So, in today’s bizarre trading world, where a “speed bump” can be defined as a delay of 350-millionths of a second, the SEC voted Friday to certify the IEX Group Inc as the U.S.’s 13th national stock exchange. The decision is notable in that it makes the IEX the only exchange anywhere to include a purposeful “slowing” of all incoming orders. If by slowing, of course, you mean a pause faster than the blink of an eye.

The oldest exchange in the U.S. is the Philadelphia Stock Exchange, now known as NASDAQ OMX PHLX, founded in 1790

Not surprisingly, virtually all the kings of speed, not least of which the NYSE, NASDAQ, and Bats Global Markets, were apoplectic in their response to the regulator’s pronouncement. Hedge-fund manager Citadel actually warned that the delays would create stale prices. If by stale, of course, you mean something on the order of 10-3 seconds.

The Chicago Stock Exchange, founded in 1882, exists today by offering its Sub-second Non-displayed Auction Process (SNAP)

IEX, meanwhile, claims that the less-than-a-millisecond delay is just long enough to protect slower investors from predatory high-speed traders that can front-run their orders. And by slower investors, of course, they mean those without an IBM Silicon-Germanium processor.

The SEC’s most recent approval for a trading exchange was ISE Gemini in July 2013

It’s a given that in this other-worldly flash trading universe, high-frequency traders will quickly find a way to manipulate the IEX speed bump. The SEC, still running in a Buttonwood Agreement pace, said it would conduct a study within two years to examine the impact of the 350-millionths of a second delay on the prices that investors received on trades. If by two years, of course, you mean never.

What the markets have been doing…

All the major benchmarks recorded losses for the period, with the more volatile smaller-cap indexes falling harder than the large-cap lineups. A noticeable decline in heavily weighted Apple at the end of the two-week stretch weighed especially on the technology-heavy NASDAQ.

Allegedly, speculation about the upcoming “Brexit” vote in the UK, which is reportedly leaning toward the nation leaving the European Union, drove much of the sentiment on Wall Street. On the economic front, the Fed’s June policy meeting had little impact on markets when its results were announced on Wednesday afternoon. As expected, policymakers held rates steady, but forecasts suggested an even slower pace of rate increases than earlier anticipated. Expectations are the central bank will likely to wait until September before announcing its next rate increase.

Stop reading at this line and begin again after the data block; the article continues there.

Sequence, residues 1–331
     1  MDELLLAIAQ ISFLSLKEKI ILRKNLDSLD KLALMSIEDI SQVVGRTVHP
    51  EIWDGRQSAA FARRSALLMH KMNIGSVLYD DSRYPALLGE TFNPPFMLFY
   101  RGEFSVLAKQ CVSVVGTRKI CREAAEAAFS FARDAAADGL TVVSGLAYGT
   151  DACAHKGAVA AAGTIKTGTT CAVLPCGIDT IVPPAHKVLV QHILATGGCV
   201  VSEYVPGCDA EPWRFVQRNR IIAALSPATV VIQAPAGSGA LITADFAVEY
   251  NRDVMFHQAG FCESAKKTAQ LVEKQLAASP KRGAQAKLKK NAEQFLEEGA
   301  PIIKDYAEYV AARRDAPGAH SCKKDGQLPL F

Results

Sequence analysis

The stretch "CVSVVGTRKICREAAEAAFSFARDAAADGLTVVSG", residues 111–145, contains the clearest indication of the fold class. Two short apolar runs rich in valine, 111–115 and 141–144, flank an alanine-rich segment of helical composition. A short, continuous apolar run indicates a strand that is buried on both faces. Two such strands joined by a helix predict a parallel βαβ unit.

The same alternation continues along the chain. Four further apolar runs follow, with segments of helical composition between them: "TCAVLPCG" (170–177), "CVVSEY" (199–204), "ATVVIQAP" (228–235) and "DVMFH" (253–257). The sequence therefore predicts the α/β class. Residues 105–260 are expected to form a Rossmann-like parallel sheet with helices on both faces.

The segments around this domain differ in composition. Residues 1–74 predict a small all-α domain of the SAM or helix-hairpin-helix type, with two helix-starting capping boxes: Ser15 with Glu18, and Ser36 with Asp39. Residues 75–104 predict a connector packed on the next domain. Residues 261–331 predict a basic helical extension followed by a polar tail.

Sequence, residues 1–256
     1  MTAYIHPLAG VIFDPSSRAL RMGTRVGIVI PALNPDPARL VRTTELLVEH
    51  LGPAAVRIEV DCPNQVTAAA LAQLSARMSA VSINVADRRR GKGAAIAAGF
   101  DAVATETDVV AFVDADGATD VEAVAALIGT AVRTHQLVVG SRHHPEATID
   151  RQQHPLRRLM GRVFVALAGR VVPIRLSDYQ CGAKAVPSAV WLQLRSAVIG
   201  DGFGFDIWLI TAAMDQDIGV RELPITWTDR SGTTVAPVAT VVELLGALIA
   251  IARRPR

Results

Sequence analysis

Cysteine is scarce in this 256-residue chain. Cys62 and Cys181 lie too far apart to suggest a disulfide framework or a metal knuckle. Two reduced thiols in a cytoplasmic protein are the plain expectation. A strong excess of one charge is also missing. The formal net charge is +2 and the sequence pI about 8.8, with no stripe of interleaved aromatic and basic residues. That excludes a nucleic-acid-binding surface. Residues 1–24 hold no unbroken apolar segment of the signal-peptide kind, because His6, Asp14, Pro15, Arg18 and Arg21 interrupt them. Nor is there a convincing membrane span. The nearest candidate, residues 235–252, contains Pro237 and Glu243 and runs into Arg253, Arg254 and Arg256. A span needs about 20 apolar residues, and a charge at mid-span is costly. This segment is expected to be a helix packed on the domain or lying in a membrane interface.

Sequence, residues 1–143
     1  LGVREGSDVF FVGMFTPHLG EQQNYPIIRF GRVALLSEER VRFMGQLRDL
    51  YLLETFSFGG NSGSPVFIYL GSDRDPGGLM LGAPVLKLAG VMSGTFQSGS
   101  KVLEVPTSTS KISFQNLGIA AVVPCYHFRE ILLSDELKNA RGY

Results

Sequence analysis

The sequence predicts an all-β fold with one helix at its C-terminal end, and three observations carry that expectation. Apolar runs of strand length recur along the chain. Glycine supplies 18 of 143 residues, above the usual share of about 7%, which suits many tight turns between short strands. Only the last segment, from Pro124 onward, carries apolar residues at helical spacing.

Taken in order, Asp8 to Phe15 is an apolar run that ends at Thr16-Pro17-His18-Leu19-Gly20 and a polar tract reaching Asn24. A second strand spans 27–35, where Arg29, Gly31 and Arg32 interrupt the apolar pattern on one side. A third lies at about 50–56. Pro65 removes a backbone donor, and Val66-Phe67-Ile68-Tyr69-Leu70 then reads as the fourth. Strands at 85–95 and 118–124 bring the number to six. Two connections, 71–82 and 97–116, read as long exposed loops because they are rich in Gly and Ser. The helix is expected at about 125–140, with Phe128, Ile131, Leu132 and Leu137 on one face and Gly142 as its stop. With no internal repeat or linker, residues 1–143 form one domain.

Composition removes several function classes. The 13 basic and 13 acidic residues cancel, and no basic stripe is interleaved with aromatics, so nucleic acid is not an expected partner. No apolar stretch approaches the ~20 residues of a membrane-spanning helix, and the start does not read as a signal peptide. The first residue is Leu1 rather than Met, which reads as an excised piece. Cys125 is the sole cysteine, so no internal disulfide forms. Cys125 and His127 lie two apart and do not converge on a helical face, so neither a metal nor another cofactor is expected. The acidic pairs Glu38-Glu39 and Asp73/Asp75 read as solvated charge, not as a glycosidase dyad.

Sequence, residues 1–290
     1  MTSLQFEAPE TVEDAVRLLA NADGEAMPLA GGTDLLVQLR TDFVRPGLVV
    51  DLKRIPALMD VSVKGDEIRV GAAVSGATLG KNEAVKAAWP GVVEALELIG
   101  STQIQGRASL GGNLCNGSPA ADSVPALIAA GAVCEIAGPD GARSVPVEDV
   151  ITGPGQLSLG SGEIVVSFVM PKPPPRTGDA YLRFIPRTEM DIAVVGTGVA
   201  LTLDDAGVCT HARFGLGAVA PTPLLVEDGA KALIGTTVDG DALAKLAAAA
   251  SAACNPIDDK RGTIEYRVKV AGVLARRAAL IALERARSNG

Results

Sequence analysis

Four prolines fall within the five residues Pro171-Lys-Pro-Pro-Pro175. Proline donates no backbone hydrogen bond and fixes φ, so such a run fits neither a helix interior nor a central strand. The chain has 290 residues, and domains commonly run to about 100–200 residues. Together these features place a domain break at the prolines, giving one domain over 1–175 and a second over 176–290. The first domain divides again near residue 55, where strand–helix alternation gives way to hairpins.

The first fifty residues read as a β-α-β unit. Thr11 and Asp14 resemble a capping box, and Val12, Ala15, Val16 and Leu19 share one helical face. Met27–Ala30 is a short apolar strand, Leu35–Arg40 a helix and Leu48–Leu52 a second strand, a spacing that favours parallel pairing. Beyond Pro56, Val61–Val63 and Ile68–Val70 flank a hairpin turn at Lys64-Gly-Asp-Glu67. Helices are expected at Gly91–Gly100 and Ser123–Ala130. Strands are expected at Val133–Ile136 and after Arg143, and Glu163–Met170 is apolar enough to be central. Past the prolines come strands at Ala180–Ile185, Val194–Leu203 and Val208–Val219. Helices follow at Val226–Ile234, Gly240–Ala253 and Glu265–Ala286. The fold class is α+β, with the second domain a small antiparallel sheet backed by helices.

Index Friday’s Close Two-Week Point Change Year-to-Date Change
DJIA 17675.16 -(198.06) +1.44%
S&P 500 2071.22 -(27.84) +1.33%
NASDAQ 4800.34 -(133.16) -(4.14)%

The Fed’s meeting announcement did provide an overall boost to bond prices, with mixed economic data — industrial production and manufacturing each declined in May but retail sales came in higher than expected – having little impact. May’s producer price index actually came in solid, rising at its fastest pace in a year. Brexit fears, meanwhile, unsettled the investment-grade market, particularly the banking sector. The high yield market retraced most of its month-to-date gain, while municipal bonds continued to post positive returns.

Fixed Income Yield Two-Week Change
2-Year Treasury 0.73% -(0.07)%
10-Year Treasury 1.67% -(0.06)%
30-Year Treasury 2.47% -(0.07)%
Bloomberg Corporate Bond Index 2.98% -(0.05)%
30-Year Municipal Bonds 2.23% -(0.24)%

Eleven Signs You Own The Right Portfolio…

  1. You’re so well diversified that you always own at least one disappointing investment.
  2. Your livelihood isn’t riding on both your paycheck and your employer’s stock.
  3. If the stock market’s performance over the next five years was miserable, you wouldn’t be.
  4. You can remember the last time you rebalanced.